World Bank pledges $700m to boost Ghana’s energy security

31 Jul 15

The World Bank is to provide $700m in guarantees to Ghana to support the development of the nation’s energy sector in order to boost the country’s economic growth. 

The guarantees for Sankofa Gas Project, the largest amount ever pledged by the World Bank, form part of a wider programme of support based around technical assistance for energy sector reform.

These investment guarantees are expected to unlock $7.9bn from private firms into offshore natural gas projects, which would represent the biggest foreign direct investment in Ghana’s history.

Ghana is susceptible to economic shocks in part due to the challenges being faced by the country’s power sector, which is subject to water shortages for hydropower, erratic gas supplies from external sources, and delays in the development of domestic gas resources. The country’s government has spent more than $500m fuel subsidies to the power sector in recent years, which represents a significant drain on public resources.

The offshore Sankofa Gas Project is expected to produce up to 1,000 megawatts of clean power generation, replacing polluting and expensive oil-burning electricity. Once the field starts to produce gas in early 2018, Ghana will be able to reduce its oil imports by up to 12 million barrels a year and cut carbon emissions by 1.6 million metric tons of CO2 annually.

Ghana’s finance minister Seth Terkper said the project was a game changer for the country.

“This project is an essential element of the drive towards consolidating our middle income status, and will help secure our natural gas resources for a more affordable and reliable power supply. This will help boost economic activity and generate more jobs for Ghanaians,” he said.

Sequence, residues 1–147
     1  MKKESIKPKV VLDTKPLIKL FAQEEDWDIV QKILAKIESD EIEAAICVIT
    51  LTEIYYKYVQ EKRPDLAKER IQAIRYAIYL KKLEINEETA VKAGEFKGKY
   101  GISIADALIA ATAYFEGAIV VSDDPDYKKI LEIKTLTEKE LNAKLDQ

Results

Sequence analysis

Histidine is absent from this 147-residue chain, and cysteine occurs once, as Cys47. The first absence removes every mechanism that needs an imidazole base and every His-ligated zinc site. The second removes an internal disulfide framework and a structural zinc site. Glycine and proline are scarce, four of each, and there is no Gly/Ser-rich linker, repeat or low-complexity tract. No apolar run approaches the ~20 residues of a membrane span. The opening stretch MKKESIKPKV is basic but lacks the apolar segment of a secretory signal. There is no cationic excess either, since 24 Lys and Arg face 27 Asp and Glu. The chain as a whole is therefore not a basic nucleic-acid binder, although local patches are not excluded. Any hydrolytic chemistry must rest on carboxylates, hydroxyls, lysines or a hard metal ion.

The project is a good example of how Africa can address its infrastructure challenges and lay the foundation for sustained economic growth World Bank vice president Makhtar Diop said.

“Innovative use of the Bank’s guarantee program that helps mitigate the perception of risk and mobilizes private investment can help unlock billions of much-needed financing for large-scale infrastructure projects on the continent.”

  • Judith Ugwumadu
    Judith Ugwumadu

    Judith writes about public finance, public services and economics across Public Finance International and Public Finance. She previously undertook reporting stints at Financial Adviser, Global Security Finance and The Sunday Express.

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